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When we think about retired baseball players, really think about them, our minds typically settle on one image. Knowing those athletes will never again step on the field encourages us to remember their feats; it’s a confirmation of sorts that the heroes of the past were as awe-inspiring as today’s stars.
The specific image we recall is often an athletic play infused with historical relevance. Maybe it’s Kirk Gibson’s limp around first base or Willie Mays’s over-the-shoulder catch. Regardless, it’s what makes watching today’s Trouts and Puigs and Strasburgs so fun: We’re constantly anticipating their defining plays, but we have no way of knowing when they’ll come.
This feels relevant as Ichiro Suzuki’s closely cropped hair fades to gray. Still not retired at 40, Ichiro will be one of the five oldest position players in baseball this season, and it’s unlikely he’ll alter his legacy regardless of whatever happens next. What exactly, though, will that legacy be?
On the surface, it’s silly to suggest that Ichiro, who was bombarded by international media in 2001 when he became the first Japanese position player to make the move to MLB, was somehow overlooked. In his first season, he won the AL MVP and Rookie of the Year awards as the most visible player on a Mariners team that stormed to a league-record 116 wins.
Yet here we are 13 years later, with Ichiro ostensibly on the Yankees, a minor piece of a franchise dedicated to megacontracts and megatrades and megalomania. (And sometimes all three at once.) Baseball fans probably won’t see much of Ichiro this season unless he’s traded, a very real possibility for a $6.5 million player stuck behind Brett Gardner, free-agent acquisitions Jacoby Ellsbury and Carlos Beltran, and Alfonso Soriano, last year’s trade du jour. If Ichiro sticks with the Yankees, it’s likely his primary roles will be as a pinch runner and defensive replacement.
Though Ichiro has said he has no plans to retire after this season, we’re still drawing ominously close to the point when we’ll have to start describing him in the past tense. And so we’re forced to begin looking back, in search of his enduring image. A primary contender for that defining moment came extraordinarily early, in his eighth game with the Mariners, when he delivered a hair-raising throw from right field to third base that caught the attention of American observers, including the Seattle Post-Intelligencer’s John Hickey: “Ichiro Suzuki came up with a throw from right field that needs to be framed and hung on the wall at the Louvre next to the Mona Lisa. It was that much a thing of beauty.”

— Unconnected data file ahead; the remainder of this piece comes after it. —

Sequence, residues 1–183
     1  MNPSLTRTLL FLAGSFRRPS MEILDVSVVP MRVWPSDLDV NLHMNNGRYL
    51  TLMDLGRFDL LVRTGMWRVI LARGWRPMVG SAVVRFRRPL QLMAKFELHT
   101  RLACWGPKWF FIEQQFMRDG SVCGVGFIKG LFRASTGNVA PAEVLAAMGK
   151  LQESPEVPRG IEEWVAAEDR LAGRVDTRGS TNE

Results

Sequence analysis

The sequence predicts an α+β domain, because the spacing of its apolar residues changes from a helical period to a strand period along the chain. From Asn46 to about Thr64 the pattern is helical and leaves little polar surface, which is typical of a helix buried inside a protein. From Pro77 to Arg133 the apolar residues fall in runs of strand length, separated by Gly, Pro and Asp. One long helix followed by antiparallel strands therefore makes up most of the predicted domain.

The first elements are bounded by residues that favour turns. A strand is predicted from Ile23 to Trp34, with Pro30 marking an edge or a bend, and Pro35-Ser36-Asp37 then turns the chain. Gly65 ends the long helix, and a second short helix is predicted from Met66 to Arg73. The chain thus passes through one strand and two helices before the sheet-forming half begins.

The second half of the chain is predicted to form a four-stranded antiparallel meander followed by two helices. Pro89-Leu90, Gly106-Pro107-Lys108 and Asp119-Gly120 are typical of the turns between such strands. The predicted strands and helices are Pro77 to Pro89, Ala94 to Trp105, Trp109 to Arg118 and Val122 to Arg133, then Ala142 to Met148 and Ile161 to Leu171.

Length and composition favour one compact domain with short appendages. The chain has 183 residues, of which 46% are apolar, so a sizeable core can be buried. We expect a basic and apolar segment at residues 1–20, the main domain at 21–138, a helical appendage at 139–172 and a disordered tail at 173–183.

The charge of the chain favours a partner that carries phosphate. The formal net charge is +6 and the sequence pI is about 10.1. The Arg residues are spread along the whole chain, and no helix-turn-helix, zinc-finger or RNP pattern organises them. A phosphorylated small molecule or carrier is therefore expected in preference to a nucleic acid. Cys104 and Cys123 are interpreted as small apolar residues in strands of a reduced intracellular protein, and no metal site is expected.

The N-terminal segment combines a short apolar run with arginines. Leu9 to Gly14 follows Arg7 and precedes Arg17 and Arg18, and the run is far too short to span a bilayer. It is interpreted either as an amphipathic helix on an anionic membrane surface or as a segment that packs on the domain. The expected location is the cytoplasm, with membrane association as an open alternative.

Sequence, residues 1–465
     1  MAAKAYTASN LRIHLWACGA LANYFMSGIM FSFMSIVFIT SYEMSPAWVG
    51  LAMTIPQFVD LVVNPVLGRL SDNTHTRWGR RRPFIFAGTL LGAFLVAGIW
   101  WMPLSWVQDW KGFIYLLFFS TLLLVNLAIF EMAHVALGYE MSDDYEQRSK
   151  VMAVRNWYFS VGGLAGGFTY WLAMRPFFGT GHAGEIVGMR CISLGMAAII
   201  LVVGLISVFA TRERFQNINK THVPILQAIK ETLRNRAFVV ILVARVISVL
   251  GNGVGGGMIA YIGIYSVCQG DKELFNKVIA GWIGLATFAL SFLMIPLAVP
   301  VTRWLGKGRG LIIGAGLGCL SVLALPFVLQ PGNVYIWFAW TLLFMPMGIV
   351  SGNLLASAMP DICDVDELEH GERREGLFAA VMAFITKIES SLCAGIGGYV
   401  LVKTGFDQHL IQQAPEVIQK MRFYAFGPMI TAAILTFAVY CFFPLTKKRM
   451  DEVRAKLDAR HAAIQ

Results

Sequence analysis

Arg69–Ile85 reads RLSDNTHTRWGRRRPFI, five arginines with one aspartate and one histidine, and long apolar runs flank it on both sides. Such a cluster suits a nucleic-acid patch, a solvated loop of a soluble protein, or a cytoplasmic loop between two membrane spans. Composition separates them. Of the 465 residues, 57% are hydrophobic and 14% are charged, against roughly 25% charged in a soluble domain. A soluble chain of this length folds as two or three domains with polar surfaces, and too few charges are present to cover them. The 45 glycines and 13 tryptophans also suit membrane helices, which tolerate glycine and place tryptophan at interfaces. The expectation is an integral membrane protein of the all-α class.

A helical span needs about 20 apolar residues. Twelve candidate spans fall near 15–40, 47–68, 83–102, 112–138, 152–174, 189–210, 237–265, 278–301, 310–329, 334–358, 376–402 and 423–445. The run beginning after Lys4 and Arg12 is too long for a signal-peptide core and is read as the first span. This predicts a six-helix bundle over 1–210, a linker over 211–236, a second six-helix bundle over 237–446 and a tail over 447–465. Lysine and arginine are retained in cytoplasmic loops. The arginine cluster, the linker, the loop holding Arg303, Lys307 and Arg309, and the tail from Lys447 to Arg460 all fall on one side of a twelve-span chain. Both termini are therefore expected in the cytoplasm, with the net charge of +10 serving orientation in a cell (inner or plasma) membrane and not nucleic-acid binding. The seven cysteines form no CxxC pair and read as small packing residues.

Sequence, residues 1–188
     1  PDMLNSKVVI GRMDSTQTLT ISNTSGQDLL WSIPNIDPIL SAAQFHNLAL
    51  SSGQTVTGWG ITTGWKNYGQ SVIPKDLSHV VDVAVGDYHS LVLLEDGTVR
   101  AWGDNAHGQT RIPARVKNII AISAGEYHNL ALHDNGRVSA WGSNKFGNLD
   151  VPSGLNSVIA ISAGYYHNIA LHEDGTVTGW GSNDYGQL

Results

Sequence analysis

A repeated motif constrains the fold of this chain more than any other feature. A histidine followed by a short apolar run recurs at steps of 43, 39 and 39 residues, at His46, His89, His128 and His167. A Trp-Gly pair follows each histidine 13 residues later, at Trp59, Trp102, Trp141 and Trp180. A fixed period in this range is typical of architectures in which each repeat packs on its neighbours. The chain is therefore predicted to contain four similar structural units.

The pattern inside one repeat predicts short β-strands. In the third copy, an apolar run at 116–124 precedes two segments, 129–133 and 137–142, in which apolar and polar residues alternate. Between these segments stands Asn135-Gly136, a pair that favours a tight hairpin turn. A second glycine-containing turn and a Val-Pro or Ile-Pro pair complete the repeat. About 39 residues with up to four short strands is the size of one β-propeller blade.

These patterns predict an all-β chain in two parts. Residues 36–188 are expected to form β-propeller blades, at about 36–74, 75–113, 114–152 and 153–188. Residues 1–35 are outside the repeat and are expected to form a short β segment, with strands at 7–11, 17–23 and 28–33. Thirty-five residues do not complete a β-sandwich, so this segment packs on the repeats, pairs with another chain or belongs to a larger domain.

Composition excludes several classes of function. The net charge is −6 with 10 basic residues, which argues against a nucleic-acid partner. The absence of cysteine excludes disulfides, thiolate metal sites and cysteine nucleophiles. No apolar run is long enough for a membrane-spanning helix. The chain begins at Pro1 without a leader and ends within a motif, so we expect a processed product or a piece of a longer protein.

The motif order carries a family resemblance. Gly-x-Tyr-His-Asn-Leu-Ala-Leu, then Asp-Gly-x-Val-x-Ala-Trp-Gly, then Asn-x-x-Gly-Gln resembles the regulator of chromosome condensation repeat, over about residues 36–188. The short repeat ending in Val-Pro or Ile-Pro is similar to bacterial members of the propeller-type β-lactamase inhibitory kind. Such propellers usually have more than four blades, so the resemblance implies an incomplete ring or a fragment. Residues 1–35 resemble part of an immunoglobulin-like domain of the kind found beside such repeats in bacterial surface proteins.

Analysts began devaluing Ichiro’s impact over time, however, even as his numbers remained gaudy. In 2004, he led the American League with 9.2 Wins Above Replacement while posting a better slash line and more hits, runs, and walks than he had in 2001 (albeit with fewer stolen bases), yet he finished seventh (!) in MVP voting. Several observers argued that Ichiro unwisely fetishized singles, deciding to rein in the surprising power he displayed during batting practice as if he were Hercules trapped inside Hermes’s body.
During each of his first 10 seasons, Ichiro collected a Gold Glove and recorded at least 200 hits, leading MLB in the latter category seven times. He was one of the best players in baseball, trailing only Albert Pujols, Alex Rodriguez, and Barry Bonds in WAR over that span.
But Ichiro spent those years in Seattle, a perennial loser with the temerity to be located on the West Coast, where games are played after a majority of the country has already gone to asleep. The national media, which waxes eloquently about the waning careers of baseball icons like Derek Jeter and Mariano Rivera, makes little mention today of Ichiro, whose heyday did not come in historic pinstripes. It’s no referendum on Jeter to wonder what portion of his legacy (including The Flip) comes down simply to location; he’s played in twice as many World Series games (38) as Ichiro has played in postseason games altogether (19).
Ichiro was behind from the start after spending nine seasons in Japan, collecting three MVPs there but curbing his career MLB statistics. Even the numbers he’s compiled in America have been critiqued, as sabermetrics has devalued the importance of batting average. Baseball novices and experts alike celebrate brute force, which has the added benefit of lasting longer than speed. The bulky extend their careers as designated hitters or hefty first basemen, while lithe athletes wither away. This is not a world with a Slap-Hitting Infield Single Derby or a movie titled 262.
It was a Hall of Fame career, though, and it’s scary to think about what the record books would say if Ichiro had spent all of his professional years in the U.S. His first MLB hit was a grounder up the middle, mocking the pitcher while bouncing enticingly over the mound. True to form, Ichiro has always stayed just out of reach. His legacy is a baseball Seurat, clearer once we take a few steps back.
Patrolling the outfield in sunglasses and stubble … tugging on his right sleeve in the batter’s box … building momentum toward first base with his own swing … scattering hits around the infield like a pinball machine. Who knows what additions this season will bring? With Ichiro, there’s not one defining image, but rather the accumulation of many. This season, let’s hope he continues adding to the palette.